Review Board Recommends Stiffest Punishment for Officer in Eric Garner Case

A New York City agency that investigates police misconduct has found that the officer who put his arm around the neck of Eric Garner before his death did use a chokehold and restricted Mr. Garner’s breathing, a person familiar with the case said on Friday.

The findings, reported earlier Friday by Rolling Stone, represent an oversight body’s first formal attempt to seek discipline for the officer, Daniel Pantaleo, in the three years since Mr. Garner died as a result of the violent arrest on a Staten Island sidewalk. But the disciplinary process will now enter another standstill because the Police Department says it will not hold an administrative trial on the allegations until the United States Department of Justice decides whether the officers involved in the case violated Mr. Garner’s civil rights.

The city agency, the Civilian Complaint Review Board, recommended the stiffest punishment against Officer Pantaleo: departmental charges that could lead to suspension or dismissal. Officer Pantaleo was notified of the recommendation last week. The person familiar with the case requested anonymity to speak about confidential disciplinary matters.

Mr. Garner, 43, was standing outside a beauty supply shop in July 2014 when Officer Pantaleo and his partner, Justin Damico, confronted Mr. Garner and accused him of selling untaxed cigarettes. A cellphone camera held by a friend of Mr. Garner recorded Officer Pantaleo using a chokehold, a tactic prohibited by the Police Department, to subdue him.

Mr. Garner’s final words — “I can’t breathe” — would soon be repeated by protesters around the country. The death of Mr. Garner, who was black, and the role of Officer Pantaleo, who is white, became part of a national outcry over the deaths of unarmed black men during confrontations with the police.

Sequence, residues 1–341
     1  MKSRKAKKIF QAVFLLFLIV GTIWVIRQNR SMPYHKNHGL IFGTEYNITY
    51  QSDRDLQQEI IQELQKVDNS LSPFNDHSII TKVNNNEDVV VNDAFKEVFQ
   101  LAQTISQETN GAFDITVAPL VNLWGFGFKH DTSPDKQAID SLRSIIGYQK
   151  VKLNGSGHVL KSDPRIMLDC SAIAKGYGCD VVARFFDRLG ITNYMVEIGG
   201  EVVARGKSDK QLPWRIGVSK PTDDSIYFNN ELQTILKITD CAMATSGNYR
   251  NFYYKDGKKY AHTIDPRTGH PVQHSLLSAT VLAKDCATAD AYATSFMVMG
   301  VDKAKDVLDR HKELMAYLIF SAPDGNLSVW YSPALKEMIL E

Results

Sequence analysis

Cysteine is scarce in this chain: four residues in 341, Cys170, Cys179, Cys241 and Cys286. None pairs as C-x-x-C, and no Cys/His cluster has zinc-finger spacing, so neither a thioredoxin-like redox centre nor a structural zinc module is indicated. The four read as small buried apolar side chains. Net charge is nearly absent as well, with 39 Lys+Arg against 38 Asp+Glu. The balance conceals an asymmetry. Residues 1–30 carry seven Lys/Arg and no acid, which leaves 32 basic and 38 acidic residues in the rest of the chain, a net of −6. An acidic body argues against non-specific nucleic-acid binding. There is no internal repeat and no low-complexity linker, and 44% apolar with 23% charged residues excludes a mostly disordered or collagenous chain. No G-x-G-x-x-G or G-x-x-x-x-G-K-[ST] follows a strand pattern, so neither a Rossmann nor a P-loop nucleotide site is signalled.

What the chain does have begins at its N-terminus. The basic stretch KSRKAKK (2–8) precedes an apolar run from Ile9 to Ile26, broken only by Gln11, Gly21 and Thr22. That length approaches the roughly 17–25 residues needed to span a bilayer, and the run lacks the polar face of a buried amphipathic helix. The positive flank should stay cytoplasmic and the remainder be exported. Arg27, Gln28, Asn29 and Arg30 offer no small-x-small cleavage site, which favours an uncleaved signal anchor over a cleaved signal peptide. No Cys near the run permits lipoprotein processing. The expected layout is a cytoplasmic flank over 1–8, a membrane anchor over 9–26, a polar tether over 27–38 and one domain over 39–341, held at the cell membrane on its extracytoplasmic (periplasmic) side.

The city medical examiner found that Mr. Garner died from a chokehold and the compression of his chest by police officers. A state grand jury on Staten Island decided not to bring charges in December 2014.

Officer Pantaleo’s lawyer, Stuart London, said he would not comment on the allegations until the Department of Justice completed its civil rights investigation. He said review board investigators did not ask to interview Officer Pantaleo.

The review board also declined to comment. Citing a state civil rights law, New York City has recently argued that the disciplinary records of officers should be kept secret. A review board employee was forced to resign this year after releasing Officer Pantaleo’s earlier disciplinary history.

Mr. Garner’s widow, Esaw Snipes, said someone in her family recently received a letter from the review board telling them of the findings. Ms. Snipes said the investigation should have been completed much sooner. Ultimately, she said, it was most important to her family that Officer Pantaleo face criminal charges. Mr. Garner’s mother, Gwen Carr, who had not been informed of the review board’s findings, said the Police Department should fire Officer Pantaleo and he should serve prison time.

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